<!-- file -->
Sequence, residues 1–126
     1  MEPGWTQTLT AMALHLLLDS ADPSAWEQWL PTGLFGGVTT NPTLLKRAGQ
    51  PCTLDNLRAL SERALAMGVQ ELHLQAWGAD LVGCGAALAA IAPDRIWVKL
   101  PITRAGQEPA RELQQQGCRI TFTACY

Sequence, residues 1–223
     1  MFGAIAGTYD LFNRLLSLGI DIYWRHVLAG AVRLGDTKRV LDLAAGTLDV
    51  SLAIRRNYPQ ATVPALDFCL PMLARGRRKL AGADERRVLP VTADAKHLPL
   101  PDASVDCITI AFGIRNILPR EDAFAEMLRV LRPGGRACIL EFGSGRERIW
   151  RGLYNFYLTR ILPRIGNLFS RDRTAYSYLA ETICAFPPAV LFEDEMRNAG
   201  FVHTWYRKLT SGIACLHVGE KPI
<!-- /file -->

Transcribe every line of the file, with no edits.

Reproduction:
Sequence, residues 1–126
     1  MEPGWTQTLT AMALHLLLDS ADPSAWEQWL PTGLFGGVTT NPTLLKRAGQ
    51  PCTLDNLRAL SERALAMGVQ ELHLQAWGAD LVGCGAALAA IAPDRIWVKL
   101  PITRAGQEPA RELQQQGCRI TFTACY

Sequence, residues 1–223
     1  MFGAIAGTYD LFNRLLSLGI DIYWRHVLAG AVRLGDTKRV LDLAAGTLDV
    51  SLAIRRNYPQ ATVPALDFCL PMLARGRRKL AGADERRVLP VTADAKHLPL
   101  PDASVDCITI AFGIRNILPR EDAFAEMLRV LRPGGRACIL EFGSGRERIW
   151  RGLYNFYLTR ILPRIGNLFS RDRTAYSYLA ETICAFPPAV LFEDEMRNAG
   201  FVHTWYRKLT SGIACLHVGE KPI